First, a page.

Get Inspired: Indigenous American Activists You Need to Know About Right Now

Get Inspired: Indigenous American Activists You Need to Know About Right Now

Posted By December 17th, 2019 Last Updated on: January 7th, 2020

In the day and age of tech-savvy individuals, where the majority of marketing most people view and the main way to connect with others is through social media, it is no wonder that Instagram, Twitter, and the like, are current platforms for influencers to highlight their powerful activist nature.

Instagram for instance, has only been around for less than ten years, yet has found a way to help users promote their thoughts and opinions, advocate for others, and begin revolutions while reaching millions of others across the world in only a short moment in time. This form of communicating and marketing to the masses is unprecedented and unrivaled by any other platform.

Many Indigenous Americans, such as 15-year-old Autumn Peltier, the beautifully strong ‘water warrior’ pictured above, are making vast waves on social media by educating others on past and current social, environmental, and cultural issues in Indigenous communities as well as using a powerful presence and persuasive rhetoric to gain followers among their advocacy groups.

By having a tenacious social media presence, Indigenous American activists have been able to create positive thinking and make changes in their communities.

Let’s take a closer look at three Native people of influence.

Calina Lawrence

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Thank you to @suckafreexdumbcity & for hosting a beautiful celebration yesterday!! We are hella proud of you @mykfilms 🎉 you took an important moment in your life & chose to include everyone around you 🤲🏽 from other local Street Wear movements like @sanfam__ @sew_frisco @bayaniart && the several other visionary brands you invited to set up!! to incredible emcees/musicians like @rockayye @amiihan @mavy_e @dj_dondon && everyone on the bill!!! 🔥Maraming salamat – Thank You for the invitation to continue building friendships & solidarity with all of you ❤️ & huge thanks to everyone who came out to support!! We even got to celebrate my favorite Indipina sistar @jackiefawn 27th trip around the sun😍🎉 &Not to take away from the accomplishments of @suckafreexdumbcity but meeting young journalists and twinstars @ameliaandadinah was for sure the highlight of my day!! 🤩😍 Your questions were so thoughtful and important – this was my most favorite interview to ever be apart of because of your energy and professionalism! 😃 Thanks especially for asking about the song I performed in the txʷəlšucid language and for letting me share some details about it’s official 8/19 single release ! & for taking the healthy risk to learn some txʷəlšucid 😎☺️ Again, big love to all of you! 🤲🏽 🎥 @sylviekari Vest by @riccetticlothing Shirt by @_seniarose_ for @frisco_lens PLEASE contribute to Jesus bail fund via #FREEfrisco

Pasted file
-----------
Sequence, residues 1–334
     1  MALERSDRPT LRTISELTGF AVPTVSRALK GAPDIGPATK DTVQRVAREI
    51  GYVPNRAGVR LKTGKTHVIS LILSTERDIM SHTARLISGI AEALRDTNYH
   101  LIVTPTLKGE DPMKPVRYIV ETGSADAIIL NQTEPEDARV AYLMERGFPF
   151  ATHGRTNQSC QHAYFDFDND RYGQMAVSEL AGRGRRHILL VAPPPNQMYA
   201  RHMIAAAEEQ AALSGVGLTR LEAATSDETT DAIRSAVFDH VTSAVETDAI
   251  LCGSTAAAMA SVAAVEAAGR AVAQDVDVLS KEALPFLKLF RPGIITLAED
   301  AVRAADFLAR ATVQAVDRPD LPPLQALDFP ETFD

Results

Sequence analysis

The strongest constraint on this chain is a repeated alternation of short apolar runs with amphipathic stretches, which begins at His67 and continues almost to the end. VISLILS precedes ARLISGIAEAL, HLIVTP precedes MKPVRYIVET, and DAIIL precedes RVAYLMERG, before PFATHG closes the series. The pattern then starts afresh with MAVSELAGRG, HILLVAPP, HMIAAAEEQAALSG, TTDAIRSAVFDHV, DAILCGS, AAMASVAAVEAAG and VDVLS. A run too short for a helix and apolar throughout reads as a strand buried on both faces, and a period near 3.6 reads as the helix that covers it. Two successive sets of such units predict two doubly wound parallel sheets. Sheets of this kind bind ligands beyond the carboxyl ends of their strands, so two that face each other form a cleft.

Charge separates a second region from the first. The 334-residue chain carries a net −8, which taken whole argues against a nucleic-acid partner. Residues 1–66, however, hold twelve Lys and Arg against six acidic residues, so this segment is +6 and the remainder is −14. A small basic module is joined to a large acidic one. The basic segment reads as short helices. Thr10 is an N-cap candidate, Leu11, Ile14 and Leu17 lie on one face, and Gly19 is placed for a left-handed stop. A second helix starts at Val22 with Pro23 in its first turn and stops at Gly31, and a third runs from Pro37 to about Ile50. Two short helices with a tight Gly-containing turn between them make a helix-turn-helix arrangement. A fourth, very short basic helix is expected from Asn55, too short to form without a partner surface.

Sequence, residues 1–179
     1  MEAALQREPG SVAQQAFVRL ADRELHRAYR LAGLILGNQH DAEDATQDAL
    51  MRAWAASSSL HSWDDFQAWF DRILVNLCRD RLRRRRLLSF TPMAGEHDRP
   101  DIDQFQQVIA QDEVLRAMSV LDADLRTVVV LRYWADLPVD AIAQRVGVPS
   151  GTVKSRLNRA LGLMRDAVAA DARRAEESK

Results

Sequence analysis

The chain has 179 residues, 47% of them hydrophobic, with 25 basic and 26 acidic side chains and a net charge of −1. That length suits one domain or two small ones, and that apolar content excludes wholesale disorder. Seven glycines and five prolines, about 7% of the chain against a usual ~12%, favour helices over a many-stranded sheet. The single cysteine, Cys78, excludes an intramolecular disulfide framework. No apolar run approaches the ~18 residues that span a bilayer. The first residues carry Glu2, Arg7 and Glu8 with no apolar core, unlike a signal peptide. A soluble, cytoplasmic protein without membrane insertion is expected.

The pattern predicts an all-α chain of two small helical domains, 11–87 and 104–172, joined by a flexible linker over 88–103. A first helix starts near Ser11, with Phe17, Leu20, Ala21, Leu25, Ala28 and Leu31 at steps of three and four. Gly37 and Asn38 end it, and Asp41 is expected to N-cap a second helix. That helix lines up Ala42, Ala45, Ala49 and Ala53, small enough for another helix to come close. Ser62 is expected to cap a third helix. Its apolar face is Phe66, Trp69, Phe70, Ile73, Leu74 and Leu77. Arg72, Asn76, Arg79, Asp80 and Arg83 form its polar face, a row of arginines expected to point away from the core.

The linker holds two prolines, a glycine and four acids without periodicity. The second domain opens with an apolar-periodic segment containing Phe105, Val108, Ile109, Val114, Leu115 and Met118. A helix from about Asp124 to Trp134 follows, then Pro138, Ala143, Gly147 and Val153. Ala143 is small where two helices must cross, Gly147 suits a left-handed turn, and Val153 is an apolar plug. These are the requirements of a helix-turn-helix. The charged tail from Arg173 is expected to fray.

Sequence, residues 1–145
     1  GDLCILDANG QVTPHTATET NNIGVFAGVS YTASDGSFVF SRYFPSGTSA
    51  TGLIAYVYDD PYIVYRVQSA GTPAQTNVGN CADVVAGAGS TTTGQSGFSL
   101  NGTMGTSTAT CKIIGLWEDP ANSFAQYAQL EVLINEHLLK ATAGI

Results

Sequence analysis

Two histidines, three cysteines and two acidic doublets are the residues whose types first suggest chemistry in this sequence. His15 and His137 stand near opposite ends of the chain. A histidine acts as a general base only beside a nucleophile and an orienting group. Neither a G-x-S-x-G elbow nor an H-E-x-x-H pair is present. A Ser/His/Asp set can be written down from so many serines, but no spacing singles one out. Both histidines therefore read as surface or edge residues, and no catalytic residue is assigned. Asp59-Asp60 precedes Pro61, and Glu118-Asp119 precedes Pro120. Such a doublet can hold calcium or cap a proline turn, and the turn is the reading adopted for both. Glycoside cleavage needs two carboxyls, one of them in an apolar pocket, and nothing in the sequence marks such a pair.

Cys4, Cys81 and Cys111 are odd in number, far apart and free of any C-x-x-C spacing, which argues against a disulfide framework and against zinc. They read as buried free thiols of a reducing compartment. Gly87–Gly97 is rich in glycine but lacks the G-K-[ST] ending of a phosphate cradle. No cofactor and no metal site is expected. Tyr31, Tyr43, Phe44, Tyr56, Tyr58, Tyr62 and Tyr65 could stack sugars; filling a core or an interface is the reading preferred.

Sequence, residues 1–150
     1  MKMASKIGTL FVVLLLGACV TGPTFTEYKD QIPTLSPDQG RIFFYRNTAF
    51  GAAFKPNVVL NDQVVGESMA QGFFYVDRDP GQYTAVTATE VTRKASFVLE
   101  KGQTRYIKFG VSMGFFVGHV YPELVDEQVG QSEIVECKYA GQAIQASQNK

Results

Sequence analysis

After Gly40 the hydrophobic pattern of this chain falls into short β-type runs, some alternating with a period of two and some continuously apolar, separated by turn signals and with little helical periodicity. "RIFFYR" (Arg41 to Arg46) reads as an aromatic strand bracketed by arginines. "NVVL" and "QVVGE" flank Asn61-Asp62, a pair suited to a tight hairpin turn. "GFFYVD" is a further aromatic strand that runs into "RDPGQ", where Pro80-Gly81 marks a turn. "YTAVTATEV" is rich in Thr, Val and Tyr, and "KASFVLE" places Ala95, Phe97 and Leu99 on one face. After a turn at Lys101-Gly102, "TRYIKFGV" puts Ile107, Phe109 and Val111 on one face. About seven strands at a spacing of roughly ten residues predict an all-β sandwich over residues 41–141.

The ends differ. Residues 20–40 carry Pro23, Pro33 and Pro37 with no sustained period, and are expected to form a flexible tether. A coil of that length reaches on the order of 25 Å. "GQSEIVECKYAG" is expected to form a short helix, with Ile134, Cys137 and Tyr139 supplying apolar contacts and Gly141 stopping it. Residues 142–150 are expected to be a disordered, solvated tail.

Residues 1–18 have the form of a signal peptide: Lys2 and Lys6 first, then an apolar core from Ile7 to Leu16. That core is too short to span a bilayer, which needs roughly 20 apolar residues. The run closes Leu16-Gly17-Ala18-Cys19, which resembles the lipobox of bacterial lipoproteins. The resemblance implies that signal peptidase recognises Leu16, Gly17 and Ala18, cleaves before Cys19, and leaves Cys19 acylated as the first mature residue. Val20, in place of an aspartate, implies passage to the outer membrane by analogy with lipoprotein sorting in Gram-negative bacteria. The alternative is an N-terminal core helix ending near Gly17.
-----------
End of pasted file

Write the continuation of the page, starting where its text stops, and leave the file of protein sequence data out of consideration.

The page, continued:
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In an interview, Calina tells her followers that she is a 26 year old Suquamish from Salish territory of the PNW. She is a singer/songwriter who is a “national advocate/activist for many different causes.” Calina “ultimately wants to work however she can to eliminate unnecessary and unjust suffering caused by abuse of colonial power dynamics.” She is well-known for her advocacy during the recent pipeline protests as well as bringing awareness to Indigenous children in the foster care system, which she has personal experience with.